The Marijuana Legalization Debate Gets Uglier (And Other News)

I've been traveling this week and missed a lot of crazy and/or interesting stories, so let's try to get caught up here.

*How perfect is it that opponents of marijuana legalization in California are taking money from the alcohol industry? Accepting drug money from beer distributors completely punctures the "public safety" rhetoric of the pot prohibitionists and reveals their pathetic role as lobbyists for the few industries that actually benefit from keeping marijuana illegal. Check out this CNN segment in which SAFER's Mason Tvert bludgeons these idiots with their own hypocrisy.

*In related news, the good folks at the Sierra Nevada Brewing Company have cancelled their membership with the California Beer and Beverage Distributors in response to the group's opposition to Prop. 19. Their statement isn't really pro-legalization, but they want to make it clear that the company wants nothing to do with lobbying against marijuana. I'll drink to that.

*The Heritage Foundation released a rambling, mindless report on the horrors of marijuana legalization. Nothing new here except that their decision to put it together is indicative of how close we're getting and how desperate our opponents have become. Pete Guither has a good take on it.

*This piece from The Onion is clever, but I'm not exactly laughing:

Mexico Killed In Drug Deal

MEXICO CITY—In the latest incident of drug-related violence to hit the country, all 111 million citizens of Mexico were killed Monday during a shoot-out between rival drug cartels.

According to the U.S. Drug Enforcement Administration, the violence was sparked by a botched drug deal involving an estimated 20 kilograms of marijuana, a dispute that led low-level members of the Sinaloa cartel to open fire on local dealers in Culiacán. Within seconds, the gunfire had spread to Chihuahua, Michoacán, Yucatán, and, minutes later, the other 27 Mexican states, leaving every person in Mexico dead.

This is supposed to be a joke, but it only works because Mexican drug war violence has become so widespread and indiscriminate. If the drug war worked at all, the situation in Mexico wouldn’t lend itself to this sort of satire.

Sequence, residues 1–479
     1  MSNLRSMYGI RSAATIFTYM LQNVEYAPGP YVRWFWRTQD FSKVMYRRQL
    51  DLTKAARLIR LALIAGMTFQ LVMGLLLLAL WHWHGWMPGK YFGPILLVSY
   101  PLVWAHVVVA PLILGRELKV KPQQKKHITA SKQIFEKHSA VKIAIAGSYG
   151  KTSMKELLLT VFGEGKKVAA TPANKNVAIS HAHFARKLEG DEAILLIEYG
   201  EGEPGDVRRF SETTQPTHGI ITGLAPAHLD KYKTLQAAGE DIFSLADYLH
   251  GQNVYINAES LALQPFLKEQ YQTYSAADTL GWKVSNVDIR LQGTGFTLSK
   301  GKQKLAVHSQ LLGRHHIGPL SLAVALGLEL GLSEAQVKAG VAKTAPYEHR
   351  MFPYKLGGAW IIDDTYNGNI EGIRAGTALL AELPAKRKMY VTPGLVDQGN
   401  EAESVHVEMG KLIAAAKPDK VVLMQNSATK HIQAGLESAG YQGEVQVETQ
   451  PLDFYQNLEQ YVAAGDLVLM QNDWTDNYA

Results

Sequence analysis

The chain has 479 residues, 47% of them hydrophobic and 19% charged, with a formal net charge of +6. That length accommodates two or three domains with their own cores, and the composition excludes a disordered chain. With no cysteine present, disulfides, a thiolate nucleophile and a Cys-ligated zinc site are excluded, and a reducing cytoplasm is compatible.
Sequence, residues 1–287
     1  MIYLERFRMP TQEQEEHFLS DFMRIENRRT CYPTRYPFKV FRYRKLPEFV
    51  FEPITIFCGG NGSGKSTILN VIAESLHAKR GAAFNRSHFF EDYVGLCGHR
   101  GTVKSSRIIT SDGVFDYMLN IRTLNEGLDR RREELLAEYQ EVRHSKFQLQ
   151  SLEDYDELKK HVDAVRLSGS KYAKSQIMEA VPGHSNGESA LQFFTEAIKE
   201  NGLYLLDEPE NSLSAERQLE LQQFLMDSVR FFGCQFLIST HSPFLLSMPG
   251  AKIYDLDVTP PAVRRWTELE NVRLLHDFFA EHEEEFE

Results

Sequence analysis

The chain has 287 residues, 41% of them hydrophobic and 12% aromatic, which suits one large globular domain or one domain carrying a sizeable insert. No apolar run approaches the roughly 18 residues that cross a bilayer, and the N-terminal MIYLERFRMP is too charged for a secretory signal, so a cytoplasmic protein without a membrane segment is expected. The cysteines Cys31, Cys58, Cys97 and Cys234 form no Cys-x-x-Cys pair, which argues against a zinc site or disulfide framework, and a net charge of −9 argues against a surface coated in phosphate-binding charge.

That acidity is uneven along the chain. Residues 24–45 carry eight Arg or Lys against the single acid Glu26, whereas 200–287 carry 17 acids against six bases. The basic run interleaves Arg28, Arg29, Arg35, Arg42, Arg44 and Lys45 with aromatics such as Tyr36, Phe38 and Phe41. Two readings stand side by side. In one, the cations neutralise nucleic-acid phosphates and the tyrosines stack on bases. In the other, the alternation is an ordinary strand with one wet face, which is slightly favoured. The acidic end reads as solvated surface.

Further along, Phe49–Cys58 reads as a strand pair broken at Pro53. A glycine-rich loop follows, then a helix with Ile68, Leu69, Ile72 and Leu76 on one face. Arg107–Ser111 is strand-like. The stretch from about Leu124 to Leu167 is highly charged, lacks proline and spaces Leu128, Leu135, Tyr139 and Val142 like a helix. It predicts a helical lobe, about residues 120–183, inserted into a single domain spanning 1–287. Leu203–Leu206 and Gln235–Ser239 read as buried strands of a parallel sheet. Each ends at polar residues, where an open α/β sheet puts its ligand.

*I agree with Pete Guither that this story from the University of Maryland is a great example of the important work SSDP chapters are doing around the country and beyond. Unfortunately, it's also a chilling example of how school administrators will say anything to oppose reform, even when presented with an easy opportunity to save lives. Certain administrators at UMD will be the first to applaud when Irina Alexander graduates this Fall, but only because they never want to see her in their offices again.
 
*And finally, my favorite headline of the month, Grow-op bears to be fed dog food until winter, B.C. ministry orders, from the Vancouver Sun:

"Every one seems to have forgotten the drug bust," said RCMP Sgt. Fred Mansveld with a laugh. "Now we've got movie stars donating money for them. No one's talking about drugs — it's all about black bears and dog food."

Classic.

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Looking for the easiest way to join the anti-drug war movement? You've found it!

It's all about drug war stupidity

These anti-Prop 19 don't realize the whole world is holding its breath. Come on vote YES. 

Liquor Industry Suffers Major PR Debacle for Opposing Prop 19

David Sirota kicks booze industry buttocks at the Jacksonville (FL) News.

Giordano

19

Prop 19 analysis by Dennis Peron's own lawyer: http://sjcbc.org/2010/09/11/an-open-letter-on-prop-19/
"Prop 19 is the best thing to happen to medical marijuana patients since Prop 215"

Have you heard of Monsanto

Monsanto, the same company that pioneer the patenting of genes, disallowing of farmers to maintain seed stock, and genetic modification of several cash crops including corn and soy is a major contributor to Yes on 19.  

 

Any large industry will invest where they see profit. And Monsanto is in race to implement a terminator gene into cannabis seeds (like they have in many other plants) and in the wake of giving this lawmaking power to individual municipalities we'll see a lot of delegation of production power toward larger corporations.

 

We need legislation based around the rights of adults to choose what they consume based on the scientific knowledge out there, not legislation where California as a state slumps of the law contradictions of federal and state law for inter-county legislation contradictions and still state-federal contradictions.  We're just setting up a worse system than the current medicinal system.

 

This is one step forward into the hands of industrialized marijuana, and 3 steps back for the rights of individuals to do what they want with their bodies without fear of persecution.

Where are the facts about Monsanto?

@Qnick

Can you point to any proof that Monsanto has given money in favor of Prop 19? 

 

I have a feeling you can't, but I could be wrong.

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